I knew that one day, God willing, I was going to have a husband. Did I want him to end up with the leftovers, the dregs? Did I want him to have to mount a high wall to get to my heart?
Meanwhile, I was quite simply losing my self-respect.
I decided then that I was done with that life. But the personal, emotional factors were only part of my decision.
I am not the world’s most responsible person. Ask the people to whom I owe medical bills. (And while you’re at it, tell them the check’s in the mail.) I forget to floss. I am 300 miles overdue for an oil change. I don’t know my exact bank balance right now. You get the idea.
But even I, the girl who once went a whole year without washing her car, can decide to live in the way I encourage others to live. It’s only fair. I rant at you people day in and day out about how irresponsible it is to engage in non-procreative sex. What kind of a hypocrite would I be if I did it myself?
So, even though my crisis pregnancy days are long behind me, I practice what I preach. I’m 32, I’m in a loving relationship with a stable, responsible man in his 40s, and if I were to get pregnant we would be excited and happy. But! We personally believe having babies should be the exclusive privilege of married people, so we make sure we do not even inadvertently make a baby.
I want you, whoever you are, to see and to know that it is possible to make a moral decision, even in these times. Everything you see and look at and read and hear is going to tell you that it is abnormal and/or impossible for a healthy, red-blooded man or woman to abstain from having sexual intercourse. They are wrong. I am healthy, and last time I checked my blood was red.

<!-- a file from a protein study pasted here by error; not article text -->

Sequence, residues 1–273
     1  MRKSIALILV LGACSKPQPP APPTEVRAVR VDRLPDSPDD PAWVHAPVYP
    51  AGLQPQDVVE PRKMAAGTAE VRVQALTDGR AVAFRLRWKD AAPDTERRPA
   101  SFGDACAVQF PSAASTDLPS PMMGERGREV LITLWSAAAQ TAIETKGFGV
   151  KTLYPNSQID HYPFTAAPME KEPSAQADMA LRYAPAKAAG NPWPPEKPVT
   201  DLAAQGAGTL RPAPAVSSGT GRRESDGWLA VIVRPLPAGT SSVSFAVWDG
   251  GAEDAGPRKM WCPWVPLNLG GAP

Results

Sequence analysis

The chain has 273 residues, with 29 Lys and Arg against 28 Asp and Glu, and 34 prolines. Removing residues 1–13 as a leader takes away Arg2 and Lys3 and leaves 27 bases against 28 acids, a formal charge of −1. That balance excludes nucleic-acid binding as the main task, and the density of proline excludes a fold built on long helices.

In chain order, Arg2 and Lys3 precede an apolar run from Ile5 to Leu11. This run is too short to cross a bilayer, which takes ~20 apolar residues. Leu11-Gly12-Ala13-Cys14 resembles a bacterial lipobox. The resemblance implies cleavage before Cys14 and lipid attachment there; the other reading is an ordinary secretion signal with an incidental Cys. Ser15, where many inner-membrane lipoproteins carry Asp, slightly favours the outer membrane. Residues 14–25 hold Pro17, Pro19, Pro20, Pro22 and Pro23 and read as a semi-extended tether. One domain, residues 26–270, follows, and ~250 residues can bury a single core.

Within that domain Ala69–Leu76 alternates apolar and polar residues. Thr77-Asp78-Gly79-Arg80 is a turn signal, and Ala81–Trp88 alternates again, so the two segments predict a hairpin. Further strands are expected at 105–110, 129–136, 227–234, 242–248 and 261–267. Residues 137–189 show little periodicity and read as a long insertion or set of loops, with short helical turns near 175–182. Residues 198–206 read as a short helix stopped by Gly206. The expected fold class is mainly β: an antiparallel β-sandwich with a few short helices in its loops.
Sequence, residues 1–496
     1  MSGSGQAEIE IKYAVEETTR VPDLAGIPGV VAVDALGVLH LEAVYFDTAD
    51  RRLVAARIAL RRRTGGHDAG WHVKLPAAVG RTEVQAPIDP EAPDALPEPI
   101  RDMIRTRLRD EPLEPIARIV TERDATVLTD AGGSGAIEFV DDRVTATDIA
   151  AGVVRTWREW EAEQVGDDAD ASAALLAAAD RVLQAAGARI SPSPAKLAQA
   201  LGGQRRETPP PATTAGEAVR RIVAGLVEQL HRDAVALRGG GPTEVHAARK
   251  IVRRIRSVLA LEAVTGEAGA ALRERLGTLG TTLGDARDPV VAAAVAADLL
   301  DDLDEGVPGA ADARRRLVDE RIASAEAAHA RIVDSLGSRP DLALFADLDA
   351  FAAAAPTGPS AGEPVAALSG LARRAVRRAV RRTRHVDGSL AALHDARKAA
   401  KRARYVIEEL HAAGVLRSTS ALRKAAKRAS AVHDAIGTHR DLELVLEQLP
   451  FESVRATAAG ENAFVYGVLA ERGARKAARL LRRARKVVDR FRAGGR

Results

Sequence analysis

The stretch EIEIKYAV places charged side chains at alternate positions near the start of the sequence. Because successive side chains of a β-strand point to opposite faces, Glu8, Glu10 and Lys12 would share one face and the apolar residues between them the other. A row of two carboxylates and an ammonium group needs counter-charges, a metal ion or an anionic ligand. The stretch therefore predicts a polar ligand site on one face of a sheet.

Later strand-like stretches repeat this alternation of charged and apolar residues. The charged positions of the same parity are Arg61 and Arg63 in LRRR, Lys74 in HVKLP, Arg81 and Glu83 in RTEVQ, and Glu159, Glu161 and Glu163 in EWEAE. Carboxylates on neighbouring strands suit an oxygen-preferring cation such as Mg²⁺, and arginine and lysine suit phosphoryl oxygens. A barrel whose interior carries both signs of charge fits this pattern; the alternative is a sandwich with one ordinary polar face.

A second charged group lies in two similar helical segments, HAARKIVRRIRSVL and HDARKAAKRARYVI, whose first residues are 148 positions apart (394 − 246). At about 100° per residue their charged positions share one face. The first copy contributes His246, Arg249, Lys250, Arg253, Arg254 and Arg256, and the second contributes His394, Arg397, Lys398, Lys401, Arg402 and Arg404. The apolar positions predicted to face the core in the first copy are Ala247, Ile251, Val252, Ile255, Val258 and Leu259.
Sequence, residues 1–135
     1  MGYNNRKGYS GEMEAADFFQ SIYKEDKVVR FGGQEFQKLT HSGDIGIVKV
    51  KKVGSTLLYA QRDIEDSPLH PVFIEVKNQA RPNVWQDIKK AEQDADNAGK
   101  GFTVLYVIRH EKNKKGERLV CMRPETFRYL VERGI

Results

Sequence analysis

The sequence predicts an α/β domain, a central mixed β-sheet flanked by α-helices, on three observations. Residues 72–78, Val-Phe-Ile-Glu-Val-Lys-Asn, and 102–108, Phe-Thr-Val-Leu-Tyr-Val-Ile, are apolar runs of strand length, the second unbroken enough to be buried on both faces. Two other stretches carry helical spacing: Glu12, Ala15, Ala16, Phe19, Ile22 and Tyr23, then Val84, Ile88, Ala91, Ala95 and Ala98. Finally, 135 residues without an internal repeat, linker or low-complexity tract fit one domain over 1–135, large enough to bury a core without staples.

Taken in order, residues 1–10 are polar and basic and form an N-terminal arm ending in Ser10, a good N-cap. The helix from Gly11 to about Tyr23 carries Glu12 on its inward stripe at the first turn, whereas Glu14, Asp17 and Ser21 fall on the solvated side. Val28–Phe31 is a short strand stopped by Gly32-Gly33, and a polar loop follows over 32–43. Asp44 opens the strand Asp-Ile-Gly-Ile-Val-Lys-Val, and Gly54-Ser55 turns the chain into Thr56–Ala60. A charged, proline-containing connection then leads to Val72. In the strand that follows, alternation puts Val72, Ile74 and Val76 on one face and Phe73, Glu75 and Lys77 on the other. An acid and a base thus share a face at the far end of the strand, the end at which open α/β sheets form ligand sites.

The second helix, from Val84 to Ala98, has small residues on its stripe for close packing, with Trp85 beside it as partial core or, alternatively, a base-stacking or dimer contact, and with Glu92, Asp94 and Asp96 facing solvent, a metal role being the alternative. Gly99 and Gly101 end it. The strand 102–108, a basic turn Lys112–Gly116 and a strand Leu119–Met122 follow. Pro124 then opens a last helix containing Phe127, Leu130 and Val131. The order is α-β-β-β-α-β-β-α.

Don’t submit to what Chesterton called “the degrading slavery of being a child of [ones] age.” Make your own decisions. Don’t buy the giant lie that if you stop having sex your unmentionables are going to shrivel and drop off from disuse. And don’t believe them when they tell you you’re weird, frigid, sick, or backwards. Even as they accuse you of leading a deprived live, they are a prisoner to their impulses, inviting in unplanned pregnancy, STDs, abortion, heartbreak, loss of self-respect, and more.
I walked away from all that, and I couldn’t be happier because of it. I have felt my heart heal, and I know that the next time I give myself to someone, it will be on my wedding night, to someone I trust, who has given himself to me in turn.
Furthermore, I know that when I do have a baby, it will be in the best possible circumstances, so that I can give that child the best possible life. I owe that to myself and my family.
What I want you to take away from this is not “Oooh, look how awesome Kristen is.” Quite the opposite. I am an ordinary woman with ordinary feelings. What you should take away from this is something like, “Even Kristen can do it. So… I guess so can I.”
Of course the hard part of being abstinent is it means whoever you’re with has to be abstinent, too. But the hard part becomes the easy part with a simple realization. You see, at some point, if you’re lucky, you realize: If the person I am with says he is in love with me, but won’t wait for me, that person is lying. Plain and simple.
I had to ask myself: Do I want to be with someone who will only be with me if I sleep with him? Is that love?
For me, the answer was no. And no.
So what’s your answer?